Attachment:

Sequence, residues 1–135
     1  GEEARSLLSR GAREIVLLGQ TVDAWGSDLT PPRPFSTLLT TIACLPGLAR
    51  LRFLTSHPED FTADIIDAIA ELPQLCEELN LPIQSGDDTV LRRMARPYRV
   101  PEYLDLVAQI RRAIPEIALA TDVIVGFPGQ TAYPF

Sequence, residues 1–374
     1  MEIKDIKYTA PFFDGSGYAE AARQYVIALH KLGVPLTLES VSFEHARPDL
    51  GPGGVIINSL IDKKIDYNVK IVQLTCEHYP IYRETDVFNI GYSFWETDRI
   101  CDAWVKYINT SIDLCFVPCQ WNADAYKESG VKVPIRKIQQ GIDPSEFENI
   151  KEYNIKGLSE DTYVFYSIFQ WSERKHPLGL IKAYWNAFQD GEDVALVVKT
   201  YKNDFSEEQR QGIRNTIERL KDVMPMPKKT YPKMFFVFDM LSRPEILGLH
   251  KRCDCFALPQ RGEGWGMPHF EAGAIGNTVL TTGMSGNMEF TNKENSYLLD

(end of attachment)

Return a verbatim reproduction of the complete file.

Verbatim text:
Sequence, residues 1–135
     1  GEEARSLLSR GAREIVLLGQ TVDAWGSDLT PPRPFSTLLT TIACLPGLAR
    51  LRFLTSHPED FTADIIDAIA ELPQLCEELN LPIQSGDDTV LRRMARPYRV
   101  PEYLDLVAQI RRAIPEIALA TDVIVGFPGQ TAYPF

Sequence, residues 1–374
     1  MEIKDIKYTA PFFDGSGYAE AARQYVIALH KLGVPLTLES VSFEHARPDL
    51  GPGGVIINSL IDKKIDYNVK IVQLTCEHYP IYRETDVFNI GYSFWETDRI
   101  CDAWVKYINT SIDLCFVPCQ WNADAYKESG VKVPIRKIQQ GIDPSEFENI
   151  KEYNIKGLSE DTYVFYSIFQ WSERKHPLGL IKAYWNAFQD GEDVALVVKT
   201  YKNDFSEEQR QGIRNTIERL KDVMPMPKKT YPKMFFVFDM LSRPEILGLH
   251  KRCDCFALPQ RGEGWGMPHF EAGAIGNTVL TTGMSGNMEF TNKENSYLLD